click to enlarge Pets as presents: Proceed with caution
August Frank/Inland 360
Bun, a Holland lop, was not a Christmas present, but he would have been a good one, assuming his owner was prepared for the ongoing cost of food and bedding - and the surprise cost of prescription medication to eradicate a nasty case of ear mites.

If there’s something cuter than a puppy (or kitten, or bunny) spilling out of a bow-topped gift box into the arms of a delighted child — well, there isn’t.

And maybe that’s why, despite the advice of many experts, giving pets at Christmas continues to be something of a tradition.

With the cost of care — including food and routine veterinary visits — averaging between $1,200 and $1,500 annually for a dog, “you need to really sit down and consider this very carefully,” said Charlie Powell, spokesperson for Washington State University’s College of Veterinary Medicine.

Pet ownership can boost owners’ emotional health, Powell said. But the trauma of giving up a too hastily acquired pet can do the opposite.

“When you introduce animals to a child, the child will develop an extraordinary sense of caring,” he said. “If you suddenly have to get rid of that animal if you haven’t thought it through, if you suddenly have to break that bond, that tells that child that’s not really important.”

And that’s the key, Powell said: Thinking it through.

click to enlarge Pets as presents: Proceed with caution
August Frank/Inland 360
A Christmas bunny might be just what's called for, but make sure to have a plan in place for care and expenses before presenting any animal as a gift.

“Overall the relationship is beneficial in most cases,” he said. “But it has to be planned.”

That means not just being prepared to spend a not-insignificant amount of money, but to invest considerable time into shaping the animal’s behavior.

“If you’re going to get a dog, it is vital that you get that dog through at least basic behavioral training,” Powell said.

Humane Society of the Palouse Director Sierah Beeler doesn’t dismiss the idea of getting a new pet during the holidays, but she emphasized that several factors need to be taken into consideration.

Most people give at least cursory thought to the ongoing expenses of food and veterinary care, but that’s just part of the list.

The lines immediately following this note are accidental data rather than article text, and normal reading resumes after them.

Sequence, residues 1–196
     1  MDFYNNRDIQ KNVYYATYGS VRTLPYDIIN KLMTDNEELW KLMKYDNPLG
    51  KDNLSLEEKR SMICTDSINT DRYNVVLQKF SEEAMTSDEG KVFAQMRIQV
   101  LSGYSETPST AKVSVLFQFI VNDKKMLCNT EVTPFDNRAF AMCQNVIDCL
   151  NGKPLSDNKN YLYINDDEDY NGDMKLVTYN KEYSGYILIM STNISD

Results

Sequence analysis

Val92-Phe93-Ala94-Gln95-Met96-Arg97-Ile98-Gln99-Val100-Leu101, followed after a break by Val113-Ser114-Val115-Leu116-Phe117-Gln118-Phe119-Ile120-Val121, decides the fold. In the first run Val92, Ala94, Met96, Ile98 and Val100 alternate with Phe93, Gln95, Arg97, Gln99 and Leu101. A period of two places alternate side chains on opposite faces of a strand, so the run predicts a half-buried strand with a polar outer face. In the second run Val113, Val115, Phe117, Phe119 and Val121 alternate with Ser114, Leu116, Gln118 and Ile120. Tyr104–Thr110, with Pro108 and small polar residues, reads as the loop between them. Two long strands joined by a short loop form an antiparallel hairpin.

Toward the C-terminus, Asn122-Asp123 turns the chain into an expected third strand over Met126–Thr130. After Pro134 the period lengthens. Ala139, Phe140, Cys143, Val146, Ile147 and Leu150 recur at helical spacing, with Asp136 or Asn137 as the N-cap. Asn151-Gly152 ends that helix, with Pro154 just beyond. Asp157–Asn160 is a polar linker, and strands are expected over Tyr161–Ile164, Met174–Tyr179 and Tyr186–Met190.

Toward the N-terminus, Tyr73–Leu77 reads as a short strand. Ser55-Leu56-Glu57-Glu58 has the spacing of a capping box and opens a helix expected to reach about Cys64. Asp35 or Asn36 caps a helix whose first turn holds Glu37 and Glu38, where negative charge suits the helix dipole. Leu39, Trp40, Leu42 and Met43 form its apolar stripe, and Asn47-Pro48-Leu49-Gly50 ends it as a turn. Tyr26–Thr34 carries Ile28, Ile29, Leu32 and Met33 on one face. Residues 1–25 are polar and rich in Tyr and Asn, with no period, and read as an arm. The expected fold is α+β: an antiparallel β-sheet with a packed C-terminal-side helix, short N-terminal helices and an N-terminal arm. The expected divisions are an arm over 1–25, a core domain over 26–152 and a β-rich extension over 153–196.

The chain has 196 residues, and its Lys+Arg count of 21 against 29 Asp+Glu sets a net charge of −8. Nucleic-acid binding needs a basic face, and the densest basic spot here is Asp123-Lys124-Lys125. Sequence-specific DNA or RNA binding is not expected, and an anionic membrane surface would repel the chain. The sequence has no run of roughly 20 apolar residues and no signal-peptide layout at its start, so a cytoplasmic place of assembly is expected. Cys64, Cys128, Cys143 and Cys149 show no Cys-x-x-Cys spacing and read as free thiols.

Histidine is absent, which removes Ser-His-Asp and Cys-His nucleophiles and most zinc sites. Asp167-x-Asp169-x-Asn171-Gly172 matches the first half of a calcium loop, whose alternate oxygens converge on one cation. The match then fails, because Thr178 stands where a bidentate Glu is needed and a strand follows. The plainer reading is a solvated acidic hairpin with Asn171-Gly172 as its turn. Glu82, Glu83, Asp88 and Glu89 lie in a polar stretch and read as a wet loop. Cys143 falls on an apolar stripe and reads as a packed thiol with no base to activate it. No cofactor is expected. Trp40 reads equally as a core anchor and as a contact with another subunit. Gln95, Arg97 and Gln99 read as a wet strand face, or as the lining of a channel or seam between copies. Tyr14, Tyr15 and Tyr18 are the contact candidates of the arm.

“One of the biggest things is what’s going to happen when you have something else come up in your life,” Beeler said.

Finding reliable, affordable boarding or pet sitting is something people might not think about, but most pet owners eventually need. The time and potential expense of training a young animal is another factor often overlooked.

“(We) try to get those things in front of people so they can consider them all,” Beeler said.

For these reasons and more, she cautions against choosing a pet for another person.

“We usually do not allow pets to be adopted as gifts if the other person has not met the animal,” she said.

Instead, she suggests a “gift certificate adoption,” so the potential recipient has the excitement of getting a pet but can make sure that pet is what they’re looking for.

click to enlarge Pets as presents: Proceed with caution
August Frank/Inland 360
Your Christmas display could include a real, live bunny - if you're prepared to feed him and give him lots of attention for the next 10 years or so.

“They get to meet them first before making that big decision of bringing a pet home,” she said.

A gift certificate also lets the potential new pet owner control the timing of the adoption, so if the holidays are hectic, with lots of family visiting, the new pet can come home later.

“Just kind of making sure your schedule will align with helping that animal transition into the home environment,” Beeler said.

With proper planning, a pet can be a gift of a lifetime.

“Overall, we know that pet ownership leads to people with better mental health, better physical health,” Powell said. “It can reduce blood pressure to just sit there and pet a pet.”

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